Aging and Distressing Douglas Fir
Water down the wood to raise the grain, then wipe on and strongly wipe off the diluted ronan silver. It dries fast so you may want to use a retader like floetrol. You most likely wonít need it, as you are not trying to achieve a uniformity like stain, you are just trying to rub it into the grain with some highlights here and there.
When it is fully dried, sand down the wood and wipe your stain and or glaze in the tone you want. For aging I generally use van dyke brown or raw umber colors. I think there will be too much brown in the van dyke, the raw umber simulates the woods aging.
Here are a couple of things to remember along the way. The silver should look a bit strong when you apply it. You are going to soften it out by sanding and applying a stain and or glaze on top of it. When doing your first sanding use a rougher grade of paper, no higher than 100 grit. Itís important to open up the pores of the wood again after the silver, to accept the next coat of stain/glaze, and provide a bonding surface. When applying the silver and also wiping/sanding it off, don't be uniform because the silver will look fake.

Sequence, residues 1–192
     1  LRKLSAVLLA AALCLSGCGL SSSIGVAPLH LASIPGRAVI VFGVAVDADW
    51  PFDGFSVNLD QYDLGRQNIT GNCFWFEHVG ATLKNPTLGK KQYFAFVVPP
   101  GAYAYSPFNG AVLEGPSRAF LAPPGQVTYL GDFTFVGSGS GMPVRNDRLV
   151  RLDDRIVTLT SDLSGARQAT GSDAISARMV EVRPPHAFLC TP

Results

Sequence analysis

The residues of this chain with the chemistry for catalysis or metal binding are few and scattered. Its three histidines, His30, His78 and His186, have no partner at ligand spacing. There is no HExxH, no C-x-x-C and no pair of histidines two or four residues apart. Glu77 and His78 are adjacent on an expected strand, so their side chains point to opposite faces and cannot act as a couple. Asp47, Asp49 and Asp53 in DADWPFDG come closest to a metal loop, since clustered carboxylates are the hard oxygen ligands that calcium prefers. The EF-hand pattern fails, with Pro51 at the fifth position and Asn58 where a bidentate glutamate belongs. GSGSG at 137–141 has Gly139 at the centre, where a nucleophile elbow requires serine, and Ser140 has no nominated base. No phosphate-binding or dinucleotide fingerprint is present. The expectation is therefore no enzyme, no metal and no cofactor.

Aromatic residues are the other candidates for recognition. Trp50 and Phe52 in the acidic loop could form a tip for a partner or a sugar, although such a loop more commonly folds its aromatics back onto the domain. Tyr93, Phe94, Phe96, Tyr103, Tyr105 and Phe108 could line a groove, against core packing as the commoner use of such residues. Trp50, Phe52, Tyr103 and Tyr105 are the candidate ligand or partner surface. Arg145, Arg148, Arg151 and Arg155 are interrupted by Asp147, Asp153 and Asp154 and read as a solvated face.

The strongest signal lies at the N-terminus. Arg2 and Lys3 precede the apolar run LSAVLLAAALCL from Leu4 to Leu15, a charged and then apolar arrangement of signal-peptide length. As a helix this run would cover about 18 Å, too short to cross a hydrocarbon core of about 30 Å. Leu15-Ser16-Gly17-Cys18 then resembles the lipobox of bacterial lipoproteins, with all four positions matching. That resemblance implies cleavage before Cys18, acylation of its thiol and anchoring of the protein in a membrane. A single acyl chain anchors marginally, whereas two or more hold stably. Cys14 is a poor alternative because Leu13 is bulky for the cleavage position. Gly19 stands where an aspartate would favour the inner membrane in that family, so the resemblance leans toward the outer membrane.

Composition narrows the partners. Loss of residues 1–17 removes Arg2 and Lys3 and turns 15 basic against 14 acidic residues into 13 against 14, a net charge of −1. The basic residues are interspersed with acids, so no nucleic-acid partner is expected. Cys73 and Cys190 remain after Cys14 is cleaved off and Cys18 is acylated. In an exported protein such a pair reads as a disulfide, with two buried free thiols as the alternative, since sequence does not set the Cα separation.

You can use oil stains and glazes over the silver if you've sanded through it, but you may have to play around with the stain/glaze a bit for evenness. One of the tricks I use in this situation is adding a bit of mineral spirits or lacquer thinner to get the flashing process going, then dry brushing to smooth out the glaze/stain. Dry brushing is very important for a smooth blushed out look.
So it's basically a silver undertone and your choice of a stain or a glaze over the top. You'll have to play around with each to see which looks better. If you are looking for heavy aging, a bit of distressing always looks good. You can bang it with nails through a piece of wood, or hit it with chains, and etc. Distress it before applying stain/glaze, and spend some effort rubbing it into the holes and dings.
As you can see there are more steps involved, and the proper application of the silver is more difficult because it is not getting into the grain, so you have to fake it. Some practice will be necessary. The stain, silver, and glaze, layered like this, creates a depth and variety of color tones which are worth the effort.
I would then use a thinned down bleach stain, I happen to like the sherwin williams product (wood classics) and they make the silver grey tone you need. Use it to get your base coat, and then seal it. You don't even need to glaze over the top. The bleach stains when rubbed in, so really pop the grain. It won't take much to give the grain that silvery look.
From contributor B:
I would suggest mixing a weak solution of lye, and then wet your boards with it. If there isnít enough grey/silver, make it stronger and try it again.
From the original questioner:
Thank you very much for all the tips. Method 3 seems to be the way that I will go.
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